A Discovery of the Spring Menu

By Sara Yeoh

Sitting in an unassuming location at the suburb of TTDI, you will find a quiet fine-dining restaurant. Contrary to their humble black exterior, DC is one of the most celebrated fine-dining experiences in Kuala Lumpur. When you enter DC Restaurant, the dark walls cut you off from the real world outside, and send you off to embark on a gastronomic journey. We were welcomed with bubbles and entertained by the sommelier, Dennis, in the bar area, La Comptoir.

We then adjourned upstairs to La Salle, or the dining room, where we would have our dinner. The dimly lit space is minimalist yet intimate, sophisticated yet cosy. For dinner, we settled on the discovery 7-course for the ultimate DC experience. We were privileged to be one of the firsts to try Darren’s new assortment of the spring menu that he had tweaked the night before, after personally tasting the menu as a guest of the restaurant, and not as the chef de cuisine.

A Wonderful Prelude…

As a prelude to the 7-course, we were presented with an amuse bouche of sensational tartlets. In four pretty morsels, there were Crosnes with pearl barley and grated truffle; chopped mussels with king crab and caviar; local kukur mushroom with grated sharp pecorino; and yellowfin tuna tartare with salted kombu and sea grapes. If these bites were a glimpse of what was to come, we were in for a gastronomic discovery indeed.

And Dinner Starts…

The first course was a new take on their signature dish with cold capellini instead of somen. Perfectly al dente, chilled capellini tossed in frothy seafood sabayon, together with the fresh and creamy mélange of uni, king crab and ikura, is quite a delight when it hits your tongue, opening up anticipation for the next dish.

The next course was quite a reminder of spring, with petals and leaves falling prettily on a Korean live turbot that was poached lightly in Tuscan olive oil. The mild taste of the flounder complemented well with the bed of abalone jus it was sitting on, and the acidity of fermented bilimbi (belimbing buluh).

The third course was Alaskan king crab slightly exposed under a blanket of gellee made from tomato water, and plump, crunchy Landes white asparagus that announces itself with the arrival of spring. A concentrated heirloom tomato comes along for a robust surprise in your mouth, adding contrast in flavour and colour to the dish.

The fourth course, DC’s spring seafood medley, was quite the chef’s artistic expression on a plate. Various sea creatures such as Hokkaido scallops, Irish bouchot mussels, and a fish delicately dressed in crusted potato skin to mimic fish scales came together to create this melodious ode to the ocean. And in the middle of the assortment was a rich pearl barley risotto, stringed together with the rest with slender streams of Jerusalem artichoke purée.

There was nothing pretentious about the lobster we had for the fifth course – just the tasty purity of the Caribbean Sea crustacean, amplified through poaching in butter, and animated through Sauce Américaine and spring vegetables.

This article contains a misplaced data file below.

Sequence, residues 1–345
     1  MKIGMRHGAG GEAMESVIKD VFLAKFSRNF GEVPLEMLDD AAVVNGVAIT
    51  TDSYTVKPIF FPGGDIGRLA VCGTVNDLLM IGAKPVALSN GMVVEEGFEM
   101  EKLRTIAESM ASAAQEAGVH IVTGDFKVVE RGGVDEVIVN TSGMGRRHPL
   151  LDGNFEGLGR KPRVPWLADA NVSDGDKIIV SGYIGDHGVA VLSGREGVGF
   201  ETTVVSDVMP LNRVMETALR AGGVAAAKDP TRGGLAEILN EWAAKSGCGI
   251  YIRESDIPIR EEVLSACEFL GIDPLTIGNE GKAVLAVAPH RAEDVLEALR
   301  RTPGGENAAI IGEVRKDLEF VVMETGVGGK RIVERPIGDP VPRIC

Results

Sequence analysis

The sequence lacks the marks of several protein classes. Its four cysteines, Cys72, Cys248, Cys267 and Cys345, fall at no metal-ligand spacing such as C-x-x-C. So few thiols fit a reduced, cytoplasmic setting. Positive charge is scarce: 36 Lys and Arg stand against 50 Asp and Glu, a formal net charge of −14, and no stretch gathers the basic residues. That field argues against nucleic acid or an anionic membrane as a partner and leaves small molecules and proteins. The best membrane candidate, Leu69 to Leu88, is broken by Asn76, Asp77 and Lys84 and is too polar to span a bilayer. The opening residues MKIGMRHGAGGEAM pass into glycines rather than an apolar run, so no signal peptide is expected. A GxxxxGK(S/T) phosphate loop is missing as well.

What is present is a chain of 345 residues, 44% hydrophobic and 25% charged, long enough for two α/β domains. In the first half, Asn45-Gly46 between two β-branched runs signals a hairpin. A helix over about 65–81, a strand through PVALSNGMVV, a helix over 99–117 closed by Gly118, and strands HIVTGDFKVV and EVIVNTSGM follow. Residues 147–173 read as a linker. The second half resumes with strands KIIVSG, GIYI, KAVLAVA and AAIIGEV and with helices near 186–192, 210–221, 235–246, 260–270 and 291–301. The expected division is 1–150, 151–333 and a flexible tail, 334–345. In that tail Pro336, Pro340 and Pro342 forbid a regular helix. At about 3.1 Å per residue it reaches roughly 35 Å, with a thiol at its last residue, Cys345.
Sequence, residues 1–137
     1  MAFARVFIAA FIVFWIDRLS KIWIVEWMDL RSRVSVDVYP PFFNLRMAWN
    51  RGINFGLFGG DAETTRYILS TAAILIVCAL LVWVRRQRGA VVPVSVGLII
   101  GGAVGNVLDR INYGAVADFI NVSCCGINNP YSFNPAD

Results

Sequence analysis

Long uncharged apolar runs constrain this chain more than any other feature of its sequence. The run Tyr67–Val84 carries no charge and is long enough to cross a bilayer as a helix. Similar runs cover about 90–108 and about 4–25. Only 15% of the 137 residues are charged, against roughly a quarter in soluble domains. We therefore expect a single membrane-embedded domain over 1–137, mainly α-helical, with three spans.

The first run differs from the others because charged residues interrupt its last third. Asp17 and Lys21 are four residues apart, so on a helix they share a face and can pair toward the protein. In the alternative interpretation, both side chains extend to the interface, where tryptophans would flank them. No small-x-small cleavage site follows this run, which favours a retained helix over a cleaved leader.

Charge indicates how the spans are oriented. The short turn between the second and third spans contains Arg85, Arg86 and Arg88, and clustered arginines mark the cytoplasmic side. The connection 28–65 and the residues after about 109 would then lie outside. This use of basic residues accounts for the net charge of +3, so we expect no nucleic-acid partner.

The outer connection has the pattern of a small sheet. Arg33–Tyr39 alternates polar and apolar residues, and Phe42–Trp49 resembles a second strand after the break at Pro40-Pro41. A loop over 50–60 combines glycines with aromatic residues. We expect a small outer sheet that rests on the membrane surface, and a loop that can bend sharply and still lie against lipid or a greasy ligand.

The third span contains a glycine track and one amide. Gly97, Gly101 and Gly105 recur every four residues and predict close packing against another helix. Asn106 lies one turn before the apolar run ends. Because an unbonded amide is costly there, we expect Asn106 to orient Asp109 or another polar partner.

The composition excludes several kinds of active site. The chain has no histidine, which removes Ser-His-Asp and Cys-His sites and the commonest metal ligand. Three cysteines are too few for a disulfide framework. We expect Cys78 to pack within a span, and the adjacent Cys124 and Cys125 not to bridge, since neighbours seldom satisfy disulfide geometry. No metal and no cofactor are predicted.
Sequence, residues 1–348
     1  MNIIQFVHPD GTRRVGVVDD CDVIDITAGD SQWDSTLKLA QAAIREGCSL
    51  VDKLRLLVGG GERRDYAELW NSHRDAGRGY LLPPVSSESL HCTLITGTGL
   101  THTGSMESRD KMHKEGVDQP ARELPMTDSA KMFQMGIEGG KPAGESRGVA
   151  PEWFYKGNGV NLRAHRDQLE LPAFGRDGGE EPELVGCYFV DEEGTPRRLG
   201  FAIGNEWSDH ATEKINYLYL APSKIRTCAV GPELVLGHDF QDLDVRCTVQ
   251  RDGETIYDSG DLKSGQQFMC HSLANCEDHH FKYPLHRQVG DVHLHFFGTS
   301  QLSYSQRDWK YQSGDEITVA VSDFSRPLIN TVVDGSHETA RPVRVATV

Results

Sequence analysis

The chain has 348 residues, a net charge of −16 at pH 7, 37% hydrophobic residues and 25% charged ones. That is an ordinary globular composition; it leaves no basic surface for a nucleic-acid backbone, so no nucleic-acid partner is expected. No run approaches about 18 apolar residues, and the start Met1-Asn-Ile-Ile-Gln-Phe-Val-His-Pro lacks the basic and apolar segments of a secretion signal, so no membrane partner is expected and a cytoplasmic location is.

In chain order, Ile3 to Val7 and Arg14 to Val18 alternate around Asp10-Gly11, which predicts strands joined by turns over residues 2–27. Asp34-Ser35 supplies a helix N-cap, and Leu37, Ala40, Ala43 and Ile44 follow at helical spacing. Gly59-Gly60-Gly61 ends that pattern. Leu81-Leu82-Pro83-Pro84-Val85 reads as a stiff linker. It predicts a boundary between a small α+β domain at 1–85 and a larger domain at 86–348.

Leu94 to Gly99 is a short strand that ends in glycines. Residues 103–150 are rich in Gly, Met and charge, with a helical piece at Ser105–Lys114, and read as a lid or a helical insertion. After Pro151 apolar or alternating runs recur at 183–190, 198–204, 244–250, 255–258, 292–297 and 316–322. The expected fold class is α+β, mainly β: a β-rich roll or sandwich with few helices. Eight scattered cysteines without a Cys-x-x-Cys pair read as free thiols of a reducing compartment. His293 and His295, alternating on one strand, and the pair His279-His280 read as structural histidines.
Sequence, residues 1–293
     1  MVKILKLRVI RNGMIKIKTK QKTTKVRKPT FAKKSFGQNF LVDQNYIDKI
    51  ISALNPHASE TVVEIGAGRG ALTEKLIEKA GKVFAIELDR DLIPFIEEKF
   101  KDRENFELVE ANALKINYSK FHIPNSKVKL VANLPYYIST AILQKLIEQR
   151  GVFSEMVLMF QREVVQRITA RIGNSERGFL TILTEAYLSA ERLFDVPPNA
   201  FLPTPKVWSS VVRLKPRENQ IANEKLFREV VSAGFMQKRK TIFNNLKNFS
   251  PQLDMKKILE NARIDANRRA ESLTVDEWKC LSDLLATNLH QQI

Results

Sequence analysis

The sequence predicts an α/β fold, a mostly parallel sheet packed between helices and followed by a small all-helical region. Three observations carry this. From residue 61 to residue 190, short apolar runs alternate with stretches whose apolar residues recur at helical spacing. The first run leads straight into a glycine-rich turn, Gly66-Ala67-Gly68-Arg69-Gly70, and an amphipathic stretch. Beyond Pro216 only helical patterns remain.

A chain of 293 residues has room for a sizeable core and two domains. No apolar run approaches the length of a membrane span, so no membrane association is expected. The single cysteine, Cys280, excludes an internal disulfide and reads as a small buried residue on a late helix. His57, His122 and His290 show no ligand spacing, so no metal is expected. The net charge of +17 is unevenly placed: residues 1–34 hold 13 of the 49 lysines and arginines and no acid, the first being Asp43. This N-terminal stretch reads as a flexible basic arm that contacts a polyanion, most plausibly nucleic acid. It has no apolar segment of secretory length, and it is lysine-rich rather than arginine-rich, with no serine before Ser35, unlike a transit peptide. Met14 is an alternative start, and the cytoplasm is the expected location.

Here Comes the Mains…

A cold and crisp palate cleanser of mulberry and blackberry granité with four-mint yoghurt marked the intermission of the course. To put an end to the streak of seafood courses, we opted for red meat for our mains. My choice was Japanese Hidagyu full-blood A5 Wagyu, while my dining partner went for a 14-hour slow roasted rack of lamb. Three strips of beautifully marbled Wagyu were presented before me for an inspection before they proceed to the kitchen. The Wagyu is prepared only by the chef de cuisine himself.

While the utterly indulgent Wagyu was certainly a guaranteed temptation, the lamb that my dining companion chose was the real “unsung hero” of the night, as our lovely maître d’, Yann put it. Both mains were set on a bed of compote made of apple, beetroot and beef bones. The melt-in-your-mouth-meat, paired with the sweetness of the compote, made a heavenly main course. We also went for the optional pan-seared duck Foie Gras served with a cube of honeycomb, where each bite was lusciously velvety, and indulgent beyond imagination.

And For Dessert…

To conclude the meal, I chose the Black, White, Green – a brittle dome of charcoal meringue that revealed white chocolate ice cream with mulled blueberry, strawberry and boozy cherries when cracked open. At DC, they are passionate about their cheese, and no expedition to DC should end without an experience of their famous cheese trolley. So, my partner went for the Le Fromage – our choice of five AOP cheeses accompanied with fresh honeycomb, its wild flower nectar collected from the hills of Mae Rim, in Chiang Mai Province of Thailand.

Beyond the grandiose façade of fine dining and gustatory luxury, the food at DC is complex, genuine and honest. The high- finesse plates here are expressions of what Darren believes in, and a translation of the energy he and his team inject into it. And as he puts it, “When you put earnest thoughts into something, it becomes a masterpiece.”

Address: 44, Persiaran Zaaba, Taman Tun Dr Ismail, 60000 Kuala Lumpur
Tel: 03-7731 0502


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